Contemporary Germany’s stand on Ukrainian MAP participation is less related to any particular pro-­Russian sentiment. Instead, it seems driven by another, more rational assessment of the implications that a Ukrainian MAP would have. As is all too well known, the majority of Ukraine’s population is still against NATO membership. The figures for February 2008 were 53 percent against and 21 percent in favor. Far too many reservations about NATO remain among ordinary Ukrainians to start serious “membership action.” Most probably, a NATO offer now would have the immediate effect of mobilizing Ukrainian anti-­NATO forces, and their use of widely held anti­-Western stereotypes, with unknown consequences. Ukraine’s current MAP participation would thus do more harm to Western­-Ukrainian relations than bringing Kyiv any closer to NATO. In view of the dim prospects of any serious talk about Ukraine’s entry into NATO in the foreseeable future, there is currently little reason to get into a fight with the Russians.

Such a fight, to be sure, would be fine and well if a majority of the country’s population were in favor of NATO membership. It might be justified in Georgia for instance, where this is apparently the case. But at this point in time: What are we going to fight for with Moscow, in regards to Ukraine? If the Ukrainians themselves do not (yet) want into NATO, what is all the fuss about? Moreover, the Russians would, and in fact already do, pretend that they are not only defending their own interests, but those of the majority of Ukrainians. Given recent Ukrainian polling data, this claim cannot be easily dismissed.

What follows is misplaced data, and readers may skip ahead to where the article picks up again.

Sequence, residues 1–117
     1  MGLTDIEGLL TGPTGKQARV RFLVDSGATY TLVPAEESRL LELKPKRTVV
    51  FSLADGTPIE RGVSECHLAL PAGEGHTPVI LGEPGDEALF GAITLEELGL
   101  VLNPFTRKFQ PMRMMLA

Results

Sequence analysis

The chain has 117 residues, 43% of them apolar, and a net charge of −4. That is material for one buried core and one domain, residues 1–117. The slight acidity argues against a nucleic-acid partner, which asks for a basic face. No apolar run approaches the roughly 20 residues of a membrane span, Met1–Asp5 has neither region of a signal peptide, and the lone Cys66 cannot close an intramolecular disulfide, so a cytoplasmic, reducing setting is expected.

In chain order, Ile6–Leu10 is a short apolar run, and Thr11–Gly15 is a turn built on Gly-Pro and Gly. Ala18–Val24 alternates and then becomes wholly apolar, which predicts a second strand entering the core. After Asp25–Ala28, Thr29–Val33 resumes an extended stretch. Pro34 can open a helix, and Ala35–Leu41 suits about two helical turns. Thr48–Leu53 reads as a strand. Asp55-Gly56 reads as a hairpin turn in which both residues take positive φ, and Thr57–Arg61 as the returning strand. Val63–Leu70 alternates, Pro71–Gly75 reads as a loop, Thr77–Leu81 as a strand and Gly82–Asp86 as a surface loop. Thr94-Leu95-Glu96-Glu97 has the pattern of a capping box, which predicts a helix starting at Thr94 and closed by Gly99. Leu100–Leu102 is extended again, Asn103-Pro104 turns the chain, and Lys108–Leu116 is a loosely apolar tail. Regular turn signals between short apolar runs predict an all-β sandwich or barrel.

The main culprit in this story seems to be not Germany, but NATO itself. It has done too little, too late in terms of explaining to Ukrainians what NATO is about. Instead, Ukraine’s political and public discourse remains corrupted by Soviet legacies. It is shaped by Russian government­controlled mass media and the bizarre conspiratorial political sensationalism that dominates Russian and Ukrainian book markets today.

In this regard, one particular German actor, the influential Hamburg magazine DER SPIEGEL does play a rather dubious role: DER SPIEGEL lends its name and reputation to one of Moscow’s major publications in Ukraine ­ the infamous weekly Der Spiegel ­ - Profil. This colorful, high­circulation magazine is edited by Russian Mikhail Leontiev, a well­known, anti­-Western propagandist, former “persona non grata” in Ukraine and a 2001 founding member of Alexander Dugin’s neo­fascist Eurasia Movement.

One could argue that the primitiveness of Der Spiegel – Profil’s anti-­Ukrainianism has the unintended effect of bolstering pro-­NATO forces in Ukraine (reminiscent of the repercussions from transmissions, in Ukraine, of the dubious Kyiv news reports by Moscow's television “journalists”). And it appears DER SPIEGEL is assisting in this. Yet this is quite a strange way for German journalists to further improve relations between Ukraine and the West.

There remains a gap between the West’s and most Ukrainians’ understanding of NATO’s nature and aims. As a result, Western statements on NATO-­Ukrainian relations come across as pushy in Ukraine. Many Ukrainians ask themselves: What do NATO officials and Western leaders want from us? Unless NATO takes more action to explain its history and intentions to ordinary Ukrainians, then they will continue to prevent serious NATO-­Ukrainian rapprochement, not the alleged sabotage of Ukraine’s European aspirations by Germany.


First published (with some mistakes) in "Kyiv Post," April 17th, 2008,

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============================================================================== Andreas Umland, CertTransl (Leipzig), MA (Stanford), MPhil (Oxford), DipPolSci, DrPhil (FU Berlin), PhD (Cambridge). Visiting fellow at Stanford's Hoover Institution (more...)